Generation Z in China
Investors gambled on a new generation of spenders throughout China – over 250 million individuals known as Generation Z, nearly 75% of the U.S. population.
Bilibili, a U.S. and Hong Kong-listed gaming and animation video platform, is one of the first companies analysts mention when discussing Chinese young people’s interests.
According to Morgan Stanley analysts in a May 26 note, Bilibili will launch a dating-themed reality show aimed at Gen Z viewers in July.
“We see earnings upside as (Bilibili) diversifies its revenue streams away from games and toward advertising and live broadcasting revenue,” the analysts wrote. They pointed out that more than 60% of registered users from more than a decade ago are still active this year.
Analysts believe Bilibili’s ability to profit from its users is still limited in comparison to its competitors, but they are optimistic about the company’s ability to increase monetization. According to the report, Bilibili could more than double its game revenue in the next three to five years with self-developed games, from about 6 billion yuan (about $936.8 million) this year.
Morgan Stanley analysts have set a price target of $155 on the Nasdaq-listed stock, up 34% from Monday’s close of $115.45.
Pop Mart is a store that sells a Pop Mart is best known for selling “blind boxes,” which contain various collectible figurines whose models the buyer will not know until after purchasing a box. According to Eikon, the company went public in Hong Kong late last year to much fanfare and now has a market valuation of about $12.17 billion.
The stock is still up more than 65 percent since its IPO, but it is down about 20 percent this year.
According to China Renaissance, among Gen Z’s five most expensive hobbies, pop toys are probably the least known to other generations and saw the greatest increase in total spending. Sneakers, e-sports, photography, and cosplay were the other categories.
However, in a note this week, CLSA’s Terrance Liu stated that Pop Mart has come under fire in recent weeks for reports that some employees asked female job applicants about their plans to have children. On June 4, the company issued an apology.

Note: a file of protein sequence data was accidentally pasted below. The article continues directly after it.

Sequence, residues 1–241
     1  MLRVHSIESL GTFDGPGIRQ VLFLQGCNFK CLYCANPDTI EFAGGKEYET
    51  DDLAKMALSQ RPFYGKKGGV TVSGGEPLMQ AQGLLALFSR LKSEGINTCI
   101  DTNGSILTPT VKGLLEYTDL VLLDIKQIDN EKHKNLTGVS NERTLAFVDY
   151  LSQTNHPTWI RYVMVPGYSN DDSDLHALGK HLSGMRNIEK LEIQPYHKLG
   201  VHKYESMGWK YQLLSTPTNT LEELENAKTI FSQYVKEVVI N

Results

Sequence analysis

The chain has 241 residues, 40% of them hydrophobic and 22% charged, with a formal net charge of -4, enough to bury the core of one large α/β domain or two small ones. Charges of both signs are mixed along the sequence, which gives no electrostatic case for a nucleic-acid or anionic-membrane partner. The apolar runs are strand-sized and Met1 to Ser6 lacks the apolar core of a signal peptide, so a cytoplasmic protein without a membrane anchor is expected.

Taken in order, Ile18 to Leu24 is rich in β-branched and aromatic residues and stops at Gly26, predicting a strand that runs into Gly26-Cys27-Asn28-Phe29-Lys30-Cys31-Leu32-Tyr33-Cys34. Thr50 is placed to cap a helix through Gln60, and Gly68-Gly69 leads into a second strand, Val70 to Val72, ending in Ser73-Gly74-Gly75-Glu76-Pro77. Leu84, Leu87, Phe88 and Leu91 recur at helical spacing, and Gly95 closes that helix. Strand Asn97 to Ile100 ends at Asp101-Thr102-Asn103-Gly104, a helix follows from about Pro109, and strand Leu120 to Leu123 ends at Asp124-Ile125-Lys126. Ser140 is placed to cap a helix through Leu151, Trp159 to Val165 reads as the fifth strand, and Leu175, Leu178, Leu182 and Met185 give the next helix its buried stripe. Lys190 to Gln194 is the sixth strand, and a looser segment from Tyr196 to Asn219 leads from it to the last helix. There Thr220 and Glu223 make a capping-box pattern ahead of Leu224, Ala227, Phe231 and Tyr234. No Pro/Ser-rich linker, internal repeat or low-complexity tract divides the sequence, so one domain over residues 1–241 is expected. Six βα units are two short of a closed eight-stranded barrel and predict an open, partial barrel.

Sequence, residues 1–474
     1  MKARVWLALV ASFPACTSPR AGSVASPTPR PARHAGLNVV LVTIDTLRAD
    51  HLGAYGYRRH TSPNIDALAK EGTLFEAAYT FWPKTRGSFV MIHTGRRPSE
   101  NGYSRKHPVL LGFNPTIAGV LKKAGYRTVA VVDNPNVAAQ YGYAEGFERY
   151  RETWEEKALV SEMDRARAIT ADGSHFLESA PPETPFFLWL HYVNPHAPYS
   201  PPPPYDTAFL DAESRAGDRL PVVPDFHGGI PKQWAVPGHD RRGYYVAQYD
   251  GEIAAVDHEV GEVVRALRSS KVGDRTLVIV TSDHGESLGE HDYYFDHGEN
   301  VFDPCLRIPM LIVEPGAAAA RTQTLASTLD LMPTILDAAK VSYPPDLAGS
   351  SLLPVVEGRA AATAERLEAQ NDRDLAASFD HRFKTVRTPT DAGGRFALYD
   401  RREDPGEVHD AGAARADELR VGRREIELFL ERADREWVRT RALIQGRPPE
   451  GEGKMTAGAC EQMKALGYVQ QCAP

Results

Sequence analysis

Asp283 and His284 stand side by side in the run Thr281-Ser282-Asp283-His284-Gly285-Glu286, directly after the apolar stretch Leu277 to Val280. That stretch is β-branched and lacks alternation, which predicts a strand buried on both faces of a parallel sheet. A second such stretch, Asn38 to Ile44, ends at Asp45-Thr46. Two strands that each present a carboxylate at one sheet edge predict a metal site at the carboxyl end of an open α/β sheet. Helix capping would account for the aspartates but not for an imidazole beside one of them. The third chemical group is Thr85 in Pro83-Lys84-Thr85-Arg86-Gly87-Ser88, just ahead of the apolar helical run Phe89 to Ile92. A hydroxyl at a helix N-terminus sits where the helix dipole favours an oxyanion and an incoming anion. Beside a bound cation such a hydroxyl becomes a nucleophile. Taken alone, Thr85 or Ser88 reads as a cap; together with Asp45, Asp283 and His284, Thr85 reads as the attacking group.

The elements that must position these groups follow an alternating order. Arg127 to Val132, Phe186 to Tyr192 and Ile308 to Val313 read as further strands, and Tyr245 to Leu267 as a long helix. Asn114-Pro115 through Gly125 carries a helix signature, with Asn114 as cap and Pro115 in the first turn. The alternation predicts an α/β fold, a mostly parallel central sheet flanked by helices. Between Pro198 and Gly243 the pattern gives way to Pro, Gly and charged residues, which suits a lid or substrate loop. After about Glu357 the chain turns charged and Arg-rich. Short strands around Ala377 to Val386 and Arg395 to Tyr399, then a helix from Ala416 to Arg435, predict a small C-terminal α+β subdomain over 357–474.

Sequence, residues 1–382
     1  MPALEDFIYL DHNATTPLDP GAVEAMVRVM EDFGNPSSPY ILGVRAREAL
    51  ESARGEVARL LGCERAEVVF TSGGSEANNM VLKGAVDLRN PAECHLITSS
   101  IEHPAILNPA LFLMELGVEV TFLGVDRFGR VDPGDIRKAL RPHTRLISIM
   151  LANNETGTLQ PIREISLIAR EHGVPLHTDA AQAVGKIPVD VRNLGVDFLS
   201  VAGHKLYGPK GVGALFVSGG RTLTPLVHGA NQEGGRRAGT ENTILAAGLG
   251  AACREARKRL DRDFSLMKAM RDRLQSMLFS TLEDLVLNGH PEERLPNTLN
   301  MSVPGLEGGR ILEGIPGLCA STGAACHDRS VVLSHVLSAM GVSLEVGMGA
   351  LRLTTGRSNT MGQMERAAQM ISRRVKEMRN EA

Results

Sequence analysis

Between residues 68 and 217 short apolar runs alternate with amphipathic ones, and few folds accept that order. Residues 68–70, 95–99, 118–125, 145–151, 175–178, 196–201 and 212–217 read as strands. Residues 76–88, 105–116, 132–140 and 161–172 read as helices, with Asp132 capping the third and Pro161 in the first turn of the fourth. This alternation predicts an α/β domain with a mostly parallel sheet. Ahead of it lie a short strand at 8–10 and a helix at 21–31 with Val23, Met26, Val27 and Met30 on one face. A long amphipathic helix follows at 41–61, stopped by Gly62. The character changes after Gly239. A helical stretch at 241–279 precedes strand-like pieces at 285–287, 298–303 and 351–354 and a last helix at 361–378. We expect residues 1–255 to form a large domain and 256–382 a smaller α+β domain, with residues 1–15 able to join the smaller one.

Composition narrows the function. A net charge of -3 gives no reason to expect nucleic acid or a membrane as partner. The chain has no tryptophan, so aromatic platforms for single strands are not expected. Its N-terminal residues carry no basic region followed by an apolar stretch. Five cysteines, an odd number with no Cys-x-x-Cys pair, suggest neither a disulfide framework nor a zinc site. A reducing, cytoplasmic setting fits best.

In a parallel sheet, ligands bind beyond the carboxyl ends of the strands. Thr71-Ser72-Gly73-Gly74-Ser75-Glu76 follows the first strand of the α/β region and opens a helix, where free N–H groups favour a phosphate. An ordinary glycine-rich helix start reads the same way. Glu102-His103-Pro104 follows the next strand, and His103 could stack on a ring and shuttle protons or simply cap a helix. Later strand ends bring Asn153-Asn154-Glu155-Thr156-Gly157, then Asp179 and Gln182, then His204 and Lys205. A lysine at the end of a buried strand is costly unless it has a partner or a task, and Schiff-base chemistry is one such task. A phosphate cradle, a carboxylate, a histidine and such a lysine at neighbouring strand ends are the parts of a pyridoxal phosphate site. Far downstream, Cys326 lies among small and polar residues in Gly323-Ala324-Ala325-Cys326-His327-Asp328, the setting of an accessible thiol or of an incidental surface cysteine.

According to Liu, approximately 75% of Pop Mart’s customers and 69 percent of its employees are women, and the company “may face some challenges in corporate governance and management due to rapid expansion and increase in the number of employees.”
CLSA maintains a buy rating on the stock and has set a price target of 71 Hong Kong dollars, a 5.4 percent increase from Friday’s close of 67.35 Hong Kong dollars per share. Monday was a holiday, so markets were closed.
According to CLSA analysts in a consumer trends report last month, Luzhou Laojiao is a liquor brand that has attracted many young consumers, making it a standout against an industry that many fear will die out with its older client base.
Laojiao, according to the investment bank, has opened several pop-up stores in various Chinese cities since August, as well as collaborations with ice cream and perfume brands. CLSA stated that Laojiao has the capacity to meet demand and can target the fragmented mid- to high-end “baijiu” segment. Baijiu is a highly alcoholic liquor that is commonly served at business and government dinners in China.
Analysts have a price target of 283 yuan as of June 8, up about 9.5 percent from Friday’s close of 258.25 yuan.
These stocks could benefit from the chip shortage
Swiss investment bank UBS has picked seven stocks of semiconductors that would gain from the current worldwide scarcity of chips.
In a heat map created by the bank’s analysts, Dutch firm NXP Semiconductors, German firm Infineon, and US firms Texas Instruments and ON Semiconductor were all identified as favorable stocks.
“Based on our analysis, we believe the companies most likely to benefit from the current shortage are those with: 1) less exposure to foundries with spare internal capacity and 2) more exposure to distributors who will benefit from rising prices,” the analysts wrote.
However, chip stocks are expensive in comparison to other sectors, and investors should be cautious about where they put their money, according to the analysts led by Francois-Xavier Bouvignies.
“Clearly, the sector is not cheap,” they wrote, “but we expect earnings momentum to continue through 2021.”
UBS expects the chip shortage to affect the automotive industry into 2022 but it said there will be “some easing” from the second half of 2021, echoing Goldman Sachs’ predictions.
This is supported by evidence from company comments, as well as “significant investment” in semiconductor manufacturing equipment (up more than 50% since January), and increased capacity allocation to autos in the second half of 2021, according to UBS analysts.
“Despite some structural issues that have arisen,” they wrote, “we estimate supply to catch up with demand somewhat.” “Finally, company commentary indicates that industrial demand is robust and channel inventories remain low, leaving us optimistic about the industrial cycle.”
However, they also noted that the chip foundries have a “limited appetite” to invest in the ageing chips that cars use, compared to the “bleeding edge” chips that are used to power new computers and games consoles.
Bain & Co said in a report this month that the chip shortage is “large and growing,” and that it will last “longer than we hope.”
“The issue is systemic; individual players and the industry as a whole must define holistic chip strategies that make them more resilient to external shocks; governments must also play a role,” wrote the consultancy firm.